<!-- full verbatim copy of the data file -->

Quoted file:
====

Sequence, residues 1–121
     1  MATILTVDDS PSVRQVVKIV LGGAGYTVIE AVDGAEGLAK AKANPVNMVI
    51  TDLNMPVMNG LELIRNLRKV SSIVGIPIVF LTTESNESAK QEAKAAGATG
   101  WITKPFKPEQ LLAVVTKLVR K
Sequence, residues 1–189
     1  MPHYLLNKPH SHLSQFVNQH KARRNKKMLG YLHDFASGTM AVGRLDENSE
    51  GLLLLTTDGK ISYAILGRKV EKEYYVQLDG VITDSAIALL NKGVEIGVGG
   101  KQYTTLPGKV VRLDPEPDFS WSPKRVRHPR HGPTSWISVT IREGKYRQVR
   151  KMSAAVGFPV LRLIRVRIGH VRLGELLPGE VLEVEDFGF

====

Sequence, residues 1–121
     1  MATILTVDDS PSVRQVVKIV LGGAGYTVIE AVDGAEGLAK AKANPVNMVI
    51  TDLNMPVMNG LELIRNLRKV SSIVGIPIVF LTTESNESAK QEAKAAGATG
   101  WITKPFKPEQ LLAVVTKLVR K
Sequence, residues 1–189
     1  MPHYLLNKPH SHLSQFVNQH KARRNKKMLG YLHDFASGTM AVGRLDENSE
    51  GLLLLTTDGK ISYAILGRKV EKEYYVQLDG VITDSAIALL NKGVEIGVGG
   101  KQYTTLPGKV VRLDPEPDFS WSPKRVRHPR HGPTSWISVT IREGKYRQVR
   151  KMSAAVGFPV LRLIRVRIGH VRLGELLPGE VLEVEDFGF